South Bank Oberon

The memoir of the National Theatre's former artistic director is absorbing, insouciant and amusing

Anne McElvoy

“You start with a vision, and deliver a compromise,” muses Nick Hytner in his lively memoir of running the National Theatre for 12 mainly fecund years (Balancing Acts, Jonathan Cape, £20). In this case, the cause of compromise was Michael Gambon, who suffered a health scare in rehearsals for Alan Bennett’s The Habit of Art. Asked, as he was stretchered to hospital, whether he would like to deliver any message to his colleagues, Gambon whispered, “Don’t worry about those bastards: they’re already on the phone to Simon Russell Beale.”

Hytner’s recollections are full of such amusing directorial insights, as well as a mordant eye for the grind of an arts day job.  He is  at his best in the tiny details, like a stage manager’s dour précis reporting, “The gypsy was very late on as he was in the wrong place and couldn’t find his heather.”

It’s no surprise that he is leftish, which means that political theatre at the National under his tenure, while often excellent in quality (This House and Stuff Happens), was overall incurious. The only good Tory was Harold Macmillan (therefore dead). Meeting a donor, he grouses that she is “an admirer is of President Bush” and the smack of disapproval is worthy of Lady Bracknell.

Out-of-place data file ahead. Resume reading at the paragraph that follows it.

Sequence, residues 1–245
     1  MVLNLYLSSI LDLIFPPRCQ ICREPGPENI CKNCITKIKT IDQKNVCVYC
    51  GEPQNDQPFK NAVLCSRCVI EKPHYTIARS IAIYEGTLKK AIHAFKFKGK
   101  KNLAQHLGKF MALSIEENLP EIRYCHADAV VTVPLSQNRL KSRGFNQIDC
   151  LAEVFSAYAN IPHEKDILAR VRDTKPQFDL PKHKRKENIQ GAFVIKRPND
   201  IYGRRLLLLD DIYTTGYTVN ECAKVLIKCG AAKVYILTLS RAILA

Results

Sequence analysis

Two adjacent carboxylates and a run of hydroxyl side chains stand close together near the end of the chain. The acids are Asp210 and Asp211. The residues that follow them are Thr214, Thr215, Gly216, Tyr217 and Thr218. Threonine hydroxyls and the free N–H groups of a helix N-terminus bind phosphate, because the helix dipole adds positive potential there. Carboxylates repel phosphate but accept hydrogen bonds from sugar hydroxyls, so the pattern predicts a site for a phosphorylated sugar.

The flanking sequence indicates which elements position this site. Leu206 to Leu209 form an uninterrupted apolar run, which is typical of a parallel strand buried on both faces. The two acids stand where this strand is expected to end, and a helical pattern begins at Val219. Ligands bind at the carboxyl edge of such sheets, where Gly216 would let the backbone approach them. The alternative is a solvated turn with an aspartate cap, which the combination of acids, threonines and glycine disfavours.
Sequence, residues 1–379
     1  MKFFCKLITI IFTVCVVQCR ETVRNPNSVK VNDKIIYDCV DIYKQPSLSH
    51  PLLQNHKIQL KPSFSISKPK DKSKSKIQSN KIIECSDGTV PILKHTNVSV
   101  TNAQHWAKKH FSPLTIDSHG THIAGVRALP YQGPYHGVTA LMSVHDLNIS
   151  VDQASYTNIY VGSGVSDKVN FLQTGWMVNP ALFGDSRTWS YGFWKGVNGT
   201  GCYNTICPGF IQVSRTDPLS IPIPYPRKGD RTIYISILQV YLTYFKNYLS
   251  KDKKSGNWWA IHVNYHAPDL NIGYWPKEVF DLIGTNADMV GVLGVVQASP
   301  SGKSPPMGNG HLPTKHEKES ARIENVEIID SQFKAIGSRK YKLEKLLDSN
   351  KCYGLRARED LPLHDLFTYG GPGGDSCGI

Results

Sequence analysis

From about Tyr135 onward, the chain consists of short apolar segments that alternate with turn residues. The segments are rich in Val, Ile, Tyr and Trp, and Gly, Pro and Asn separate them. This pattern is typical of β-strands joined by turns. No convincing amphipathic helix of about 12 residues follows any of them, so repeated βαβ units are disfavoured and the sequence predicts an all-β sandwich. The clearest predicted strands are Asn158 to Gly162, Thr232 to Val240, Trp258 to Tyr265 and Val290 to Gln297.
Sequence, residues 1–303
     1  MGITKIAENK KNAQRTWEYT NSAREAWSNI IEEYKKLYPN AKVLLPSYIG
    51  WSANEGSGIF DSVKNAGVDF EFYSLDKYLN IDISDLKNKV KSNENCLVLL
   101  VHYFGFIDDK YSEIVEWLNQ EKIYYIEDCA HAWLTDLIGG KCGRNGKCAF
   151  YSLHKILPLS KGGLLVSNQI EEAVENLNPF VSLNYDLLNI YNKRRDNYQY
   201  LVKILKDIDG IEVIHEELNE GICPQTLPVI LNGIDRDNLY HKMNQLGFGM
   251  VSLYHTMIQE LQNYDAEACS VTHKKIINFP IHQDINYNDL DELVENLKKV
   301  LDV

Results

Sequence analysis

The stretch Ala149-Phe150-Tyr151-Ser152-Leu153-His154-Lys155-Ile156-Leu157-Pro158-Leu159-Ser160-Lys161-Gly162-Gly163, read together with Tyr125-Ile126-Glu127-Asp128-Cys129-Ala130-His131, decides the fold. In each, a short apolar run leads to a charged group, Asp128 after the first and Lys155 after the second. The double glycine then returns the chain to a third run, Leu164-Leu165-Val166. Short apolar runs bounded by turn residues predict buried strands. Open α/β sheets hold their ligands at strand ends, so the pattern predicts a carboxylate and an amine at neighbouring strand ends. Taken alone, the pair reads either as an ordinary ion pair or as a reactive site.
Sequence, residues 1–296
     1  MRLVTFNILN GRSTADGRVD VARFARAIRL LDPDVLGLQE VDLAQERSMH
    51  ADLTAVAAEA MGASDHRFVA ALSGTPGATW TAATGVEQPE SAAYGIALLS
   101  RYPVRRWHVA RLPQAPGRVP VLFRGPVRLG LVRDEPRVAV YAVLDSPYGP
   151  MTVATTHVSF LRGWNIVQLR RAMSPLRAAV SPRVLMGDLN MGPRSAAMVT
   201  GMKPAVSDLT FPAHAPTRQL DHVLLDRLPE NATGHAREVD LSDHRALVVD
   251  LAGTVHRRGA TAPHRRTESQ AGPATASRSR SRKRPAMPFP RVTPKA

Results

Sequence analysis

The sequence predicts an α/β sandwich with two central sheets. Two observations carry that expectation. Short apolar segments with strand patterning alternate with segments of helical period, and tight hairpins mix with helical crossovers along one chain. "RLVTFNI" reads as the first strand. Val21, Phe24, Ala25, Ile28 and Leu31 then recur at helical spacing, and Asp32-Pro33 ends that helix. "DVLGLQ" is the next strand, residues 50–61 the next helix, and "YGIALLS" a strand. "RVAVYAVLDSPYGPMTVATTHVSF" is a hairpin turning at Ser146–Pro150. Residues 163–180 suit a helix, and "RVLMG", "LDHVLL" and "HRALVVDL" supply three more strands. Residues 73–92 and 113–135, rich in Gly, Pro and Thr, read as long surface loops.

He is, however, unafraid to criticise the mechanistic New Labour tilt of government policy towards “reviewing the audience”, that is to say, relentless fussing about what kind of folk are attending cultural institutions as the sole measure of what they are good or bad at.
The success of War Horse and One Man, Two Guvnors justifies his claim that the best theatre is a balancing act between mammon and inspiration.

Almost everyone of seniority in theatre is deemed marvellous, which sits oddly with his forthright view of some productions not being as good as he hoped. He clearly feels, for instance, that he got the “wrong” play on climate change — the National’s Greenland was awful and outshone by Richard Bean’s more thought-provoking offer, The Heretic, at the Royal Court.

Hytner has produced a rare thing: an absorbing memoir by a director-turned-arts-administrator. Some of the best moments are self-critical, like a failed film version of The Crucible: “I was too anxious to prove my cinematic credentials with stampedes into the ocean and other unnecessary hyperactivity.”

The insouciance of Balancing Acts is magic dust, sprinkled by a master Oberon. Hytner is thick-skinned, self-motivated and, in the spirit of Gambon’s savvy quip, already on the phone to the next ripe talent.

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